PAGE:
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Forks Over KnivesForks Over Knives

Forks Over Knives Spring 2018

Forks Over Knives, a feature film released in 2011, helped launch the concept of a whole-food, plant-based lifestyle as a path to good health and wellness. The Winter 2019 issue of Forks Over Knives magazine offers recipes for quick-and-healthy dinners, delicious Instant Pot meals, satisfying noodle dishes from around the world, Buddha bowls for two, and guilt-free chocolate desserts; PLUS you’ll find expert nutrition advice, healthy cooking techniques, top tips for making the switch to a plant-based diet, and inspiring real-life success stories.

Country:
United States
Language:
English
Publisher:
Meredith Corporation
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IN THIS ISSUE

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we’re back with more whole-food, plant-based eating ideas!

Welcome to the second issue of Forks Over Knives® magazine! We’re thankful so many of you enjoyed the first issue, which we had to reprint to keep up with the demand.When I released the Forks Over Knives documentary in 2011, my mission was to spread the lifesaving information of a whole-food, plant-based diet to the widest audience possible.With the help of outlets like Netflix and Amazon, millions of people viewed the film, kicking off a healthy-lifestyle movement that continues to grow.Today, through our books, meal planner, cooking school, and website, among other things, we are helping scores of people explore the joys and benefits of plant-based eating.Now the magazine provides a new way to share the lifestyle by providing a beautiful, handy guide that can be conveniently found at newsstands…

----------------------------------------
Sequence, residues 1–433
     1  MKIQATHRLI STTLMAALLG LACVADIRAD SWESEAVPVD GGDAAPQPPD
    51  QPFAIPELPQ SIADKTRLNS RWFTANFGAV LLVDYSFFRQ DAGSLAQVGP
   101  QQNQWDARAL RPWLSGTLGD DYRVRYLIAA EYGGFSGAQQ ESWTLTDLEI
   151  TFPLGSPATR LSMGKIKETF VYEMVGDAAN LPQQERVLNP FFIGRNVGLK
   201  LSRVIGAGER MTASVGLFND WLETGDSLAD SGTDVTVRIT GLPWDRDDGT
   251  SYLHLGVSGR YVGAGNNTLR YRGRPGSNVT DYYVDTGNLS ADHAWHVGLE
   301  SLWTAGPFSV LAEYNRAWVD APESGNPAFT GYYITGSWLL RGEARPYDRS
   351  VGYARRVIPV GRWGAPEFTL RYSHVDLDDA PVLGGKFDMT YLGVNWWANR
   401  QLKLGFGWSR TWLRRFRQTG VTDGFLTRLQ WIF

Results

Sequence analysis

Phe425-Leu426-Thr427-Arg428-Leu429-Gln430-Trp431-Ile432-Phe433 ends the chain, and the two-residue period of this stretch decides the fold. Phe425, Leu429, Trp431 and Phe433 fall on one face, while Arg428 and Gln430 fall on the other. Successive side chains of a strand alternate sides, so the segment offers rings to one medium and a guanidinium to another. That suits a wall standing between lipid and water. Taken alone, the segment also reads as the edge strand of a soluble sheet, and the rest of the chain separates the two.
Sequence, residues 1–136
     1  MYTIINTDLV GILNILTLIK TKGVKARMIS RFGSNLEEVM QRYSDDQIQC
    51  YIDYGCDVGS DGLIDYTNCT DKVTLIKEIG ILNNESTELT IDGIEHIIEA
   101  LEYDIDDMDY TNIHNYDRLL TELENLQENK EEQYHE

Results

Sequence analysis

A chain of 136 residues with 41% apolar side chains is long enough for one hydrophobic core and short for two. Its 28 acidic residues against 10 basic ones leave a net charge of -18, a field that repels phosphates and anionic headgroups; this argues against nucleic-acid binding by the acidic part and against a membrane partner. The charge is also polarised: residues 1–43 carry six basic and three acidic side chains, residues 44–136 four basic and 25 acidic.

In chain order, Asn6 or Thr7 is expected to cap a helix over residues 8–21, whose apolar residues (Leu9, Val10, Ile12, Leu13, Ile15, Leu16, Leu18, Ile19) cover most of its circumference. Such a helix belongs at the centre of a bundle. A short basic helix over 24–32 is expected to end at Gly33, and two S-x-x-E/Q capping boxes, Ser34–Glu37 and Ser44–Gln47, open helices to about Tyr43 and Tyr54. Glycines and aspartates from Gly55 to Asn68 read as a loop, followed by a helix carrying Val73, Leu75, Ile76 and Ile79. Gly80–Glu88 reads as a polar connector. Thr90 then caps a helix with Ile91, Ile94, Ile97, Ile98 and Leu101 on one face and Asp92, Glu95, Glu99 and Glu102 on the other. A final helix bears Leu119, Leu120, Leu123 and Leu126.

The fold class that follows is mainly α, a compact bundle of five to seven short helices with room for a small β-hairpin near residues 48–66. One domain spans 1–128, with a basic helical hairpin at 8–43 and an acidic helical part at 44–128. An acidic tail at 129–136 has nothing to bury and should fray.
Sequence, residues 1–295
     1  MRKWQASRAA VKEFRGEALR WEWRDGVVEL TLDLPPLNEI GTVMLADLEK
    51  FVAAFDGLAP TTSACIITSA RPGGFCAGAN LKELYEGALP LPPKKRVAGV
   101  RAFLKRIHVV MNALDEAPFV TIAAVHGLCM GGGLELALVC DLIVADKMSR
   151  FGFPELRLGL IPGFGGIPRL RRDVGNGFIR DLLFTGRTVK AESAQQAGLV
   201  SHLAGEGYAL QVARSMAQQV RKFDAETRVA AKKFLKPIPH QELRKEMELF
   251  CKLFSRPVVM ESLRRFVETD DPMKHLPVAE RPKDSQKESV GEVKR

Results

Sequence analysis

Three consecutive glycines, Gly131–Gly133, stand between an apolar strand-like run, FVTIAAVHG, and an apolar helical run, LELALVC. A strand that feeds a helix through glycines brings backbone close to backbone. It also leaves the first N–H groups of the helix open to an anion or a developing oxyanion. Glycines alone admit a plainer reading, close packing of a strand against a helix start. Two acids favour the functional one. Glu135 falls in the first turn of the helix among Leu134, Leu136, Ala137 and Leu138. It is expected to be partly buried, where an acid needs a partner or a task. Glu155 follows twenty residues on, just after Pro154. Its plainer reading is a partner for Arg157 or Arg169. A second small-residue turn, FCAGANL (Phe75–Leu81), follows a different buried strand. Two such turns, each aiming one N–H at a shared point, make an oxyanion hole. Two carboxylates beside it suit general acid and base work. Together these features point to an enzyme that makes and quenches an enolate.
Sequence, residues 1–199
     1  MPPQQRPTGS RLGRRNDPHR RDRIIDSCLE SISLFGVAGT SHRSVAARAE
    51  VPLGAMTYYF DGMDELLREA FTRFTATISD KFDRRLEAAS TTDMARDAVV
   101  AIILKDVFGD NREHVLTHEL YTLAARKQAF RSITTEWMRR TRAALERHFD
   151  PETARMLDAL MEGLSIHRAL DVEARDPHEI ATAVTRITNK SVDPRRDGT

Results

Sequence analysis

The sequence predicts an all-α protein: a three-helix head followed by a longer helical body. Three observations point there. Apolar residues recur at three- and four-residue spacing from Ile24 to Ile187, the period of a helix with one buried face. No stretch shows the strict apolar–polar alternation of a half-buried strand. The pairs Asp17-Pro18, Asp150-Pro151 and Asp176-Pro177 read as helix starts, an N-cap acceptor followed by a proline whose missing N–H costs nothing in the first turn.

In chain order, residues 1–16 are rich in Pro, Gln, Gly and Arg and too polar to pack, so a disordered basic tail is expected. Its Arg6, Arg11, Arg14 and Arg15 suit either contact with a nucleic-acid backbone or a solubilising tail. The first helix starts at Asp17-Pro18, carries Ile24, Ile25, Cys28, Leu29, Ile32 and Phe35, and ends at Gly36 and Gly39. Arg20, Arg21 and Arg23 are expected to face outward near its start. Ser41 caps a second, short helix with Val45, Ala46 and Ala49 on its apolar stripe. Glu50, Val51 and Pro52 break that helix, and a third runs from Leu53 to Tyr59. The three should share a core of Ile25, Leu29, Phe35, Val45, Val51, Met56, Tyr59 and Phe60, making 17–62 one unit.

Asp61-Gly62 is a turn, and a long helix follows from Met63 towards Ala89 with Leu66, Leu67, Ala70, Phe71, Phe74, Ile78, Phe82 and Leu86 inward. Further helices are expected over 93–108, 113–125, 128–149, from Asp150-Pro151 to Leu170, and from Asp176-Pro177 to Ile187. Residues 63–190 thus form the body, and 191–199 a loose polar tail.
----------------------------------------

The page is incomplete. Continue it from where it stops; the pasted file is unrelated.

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contributors

Alona Pulde, M.D., and Matthew Lederman, M.D.Drs. Pulde and Lederman created the medical program used in the Forks Over Knives documentary and all Whole Foods Market Medical & Wellness centers. They also coauthored The New York Times bestseller The Forks Over Knives Plan and The Whole Foods Diet: The Lifesaving Plan for Health and Longevity.Cyrus Khambatta, Ph.D.Dr. Cyrus Khambatta is the cofounder of Mastering Diabetes and an internationally recognized nutrition and fitness coach who has been living with type 1 diabetes since 2002. He holds a Ph.D. in nutritional biochemistry from the University of California at Berkeley.Darshana ThackerDarshana Thacker is chef and culinary project manager for Forks Over Knives. A graduate of the Natural Gourmet Institute, Darshana is the recipe author for Forks Over Knives Family and recipe contributor to…

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jump-start your health revolution